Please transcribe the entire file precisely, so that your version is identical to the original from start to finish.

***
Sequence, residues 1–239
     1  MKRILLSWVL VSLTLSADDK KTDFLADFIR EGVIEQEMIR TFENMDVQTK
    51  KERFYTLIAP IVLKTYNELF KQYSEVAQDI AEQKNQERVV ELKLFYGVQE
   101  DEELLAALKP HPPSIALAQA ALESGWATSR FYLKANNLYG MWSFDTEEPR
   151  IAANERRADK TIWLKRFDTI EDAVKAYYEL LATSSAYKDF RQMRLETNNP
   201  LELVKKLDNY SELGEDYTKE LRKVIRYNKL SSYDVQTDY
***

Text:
Sequence, residues 1–239
     1  MKRILLSWVL VSLTLSADDK KTDFLADFIR EGVIEQEMIR TFENMDVQTK
    51  KERFYTLIAP IVLKTYNELF KQYSEVAQDI AEQKNQERVV ELKLFYGVQE
   101  DEELLAALKP HPPSIALAQA ALESGWATSR FYLKANNLYG MWSFDTEEPR
   151  IAANERRADK TIWLKRFDTI EDAVKAYYEL LATSSAYKDF RQMRLETNNP
   201  LELVKKLDNY SELGEDYTKE LRKVIRYNKL SSYDVQTDY